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Waiting, And Hoping, For A Racing Season At Thunder Road

A white and green race car with the number 94 on it, in front of a large shelf of trophies.
Erica Heilman
Brendan Moodie's car is all ready to go for the racing season at Thunder Road, which normally begins with the summer, but is currently on hold for COVID-19.

Mike Martin Auto Repair is off of Town Hill Road, which is off Route 14. It’s between Craftsbury and Albany in the Northeast Kingdom. Mike Martin and Brendan Moodie work on cars there, and usually this time of year they’re getting ready to race at Thunder Road. Erica Heilman stopped in to talk with them about the upcoming season.

Brendan Moodie races late models at Thunder Road. Mike Martin races in the Flying Tiger division. Mike’s son Steven races. Brendan’s father Brendan used to race. And Brendan’s son, also Brendan, is coming into racing.

For these families — for a lot of families — summer starts with Thursday nights at Thunder Road in Barre. But like all public events, the season is uncertain. They’re holding out for a May 24 opening, but who knows. I went up to Martin’s Autobody to talk with Brendan and Mike about the pandemic, and about the prospects of a summer without a weekly pilgrimage to Thunder Road.

More from Erica Heilman:

Me: “When did you start going to Thunder Road?”
Brendan: “I think I was two when I went to my first race at Thunder Road because my dad raced there. And I don’t think I’ve missed two races since then. It’s not really a hobby no more. It’s a lifestyle. It’s not like we just race on Thursdays and then you go on with life the rest of the week. You got two, three nights a week during the summer where you’re working on the car, and you got Thursdays when you’re racing.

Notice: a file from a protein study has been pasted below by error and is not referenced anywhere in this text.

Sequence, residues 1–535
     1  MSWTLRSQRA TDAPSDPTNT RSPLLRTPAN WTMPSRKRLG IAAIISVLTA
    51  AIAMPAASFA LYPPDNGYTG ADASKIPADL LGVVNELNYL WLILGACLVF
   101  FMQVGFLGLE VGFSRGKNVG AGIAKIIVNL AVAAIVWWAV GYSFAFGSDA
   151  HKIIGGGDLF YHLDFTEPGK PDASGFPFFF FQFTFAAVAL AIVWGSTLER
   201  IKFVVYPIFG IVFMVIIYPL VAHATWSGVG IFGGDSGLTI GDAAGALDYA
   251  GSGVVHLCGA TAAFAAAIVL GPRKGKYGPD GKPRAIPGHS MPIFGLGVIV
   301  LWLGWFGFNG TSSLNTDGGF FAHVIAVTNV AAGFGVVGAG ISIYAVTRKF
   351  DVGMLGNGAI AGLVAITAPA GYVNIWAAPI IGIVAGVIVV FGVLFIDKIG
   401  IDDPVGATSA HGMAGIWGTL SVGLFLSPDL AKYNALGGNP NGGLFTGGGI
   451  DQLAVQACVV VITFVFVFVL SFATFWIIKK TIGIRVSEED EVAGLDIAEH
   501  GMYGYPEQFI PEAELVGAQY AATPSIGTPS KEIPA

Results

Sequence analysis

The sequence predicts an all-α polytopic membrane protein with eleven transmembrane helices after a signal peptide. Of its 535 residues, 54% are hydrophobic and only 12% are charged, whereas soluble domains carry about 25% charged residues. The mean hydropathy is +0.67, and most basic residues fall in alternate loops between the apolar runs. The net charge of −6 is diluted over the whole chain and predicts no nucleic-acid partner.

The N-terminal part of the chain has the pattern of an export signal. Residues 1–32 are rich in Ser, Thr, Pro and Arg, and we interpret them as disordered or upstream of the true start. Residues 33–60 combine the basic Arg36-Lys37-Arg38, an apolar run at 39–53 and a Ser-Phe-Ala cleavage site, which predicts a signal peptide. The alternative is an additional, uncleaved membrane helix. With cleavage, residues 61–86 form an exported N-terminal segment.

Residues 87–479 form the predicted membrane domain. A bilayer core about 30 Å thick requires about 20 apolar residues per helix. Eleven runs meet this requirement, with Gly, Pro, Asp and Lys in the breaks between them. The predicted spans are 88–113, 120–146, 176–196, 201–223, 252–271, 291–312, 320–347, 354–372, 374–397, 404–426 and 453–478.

“I can’t even sleep at night in the summer, because you lay down and go to sleep and you’re thinking, ‘What can I do to make the car a little better next week?’ And it’s not like you get done in the fall and then you just start back up in the spring. Most of us go through everything and you get new bodies, it’s a lot of work in the winter. Yeah, it’s usually always on your mind.”

Me: “Opening day at Thunder Road. What does that mean to you?”

Brendan: “You’re showing off what you did all winter. You got a nice new shiny car. Everybody’s there looking at it. Summer’s started. That’s another positive.  And usually the first couple weeks everybody wants to keep their car clean. And then once you get a few dings into it, it’s on then, and you ain’t worried about the car. Everybody just races ‘em.”

Me: “So this thing hits, and of the first things must’ve been like, ‘Woah. What does this mean about the season?’ Right?”

Brendan: “Well I was just thinking, selfishly, ‘When am I gonna be able to get out and get in that race car?’ But. You know. It stinks. We all wanna get out there. Even the fans. There’s a lot of fans down there that are dedicated just as much as we are, and if it weren’t for them we wouldn’t be there. But. Phil’s doing the right thing. We gotta do what we gotta do to get this under control, and eventually life will go back to normal.”

A person in a hat and blue auto repair shirt.
Credit Erica Heilman / VPR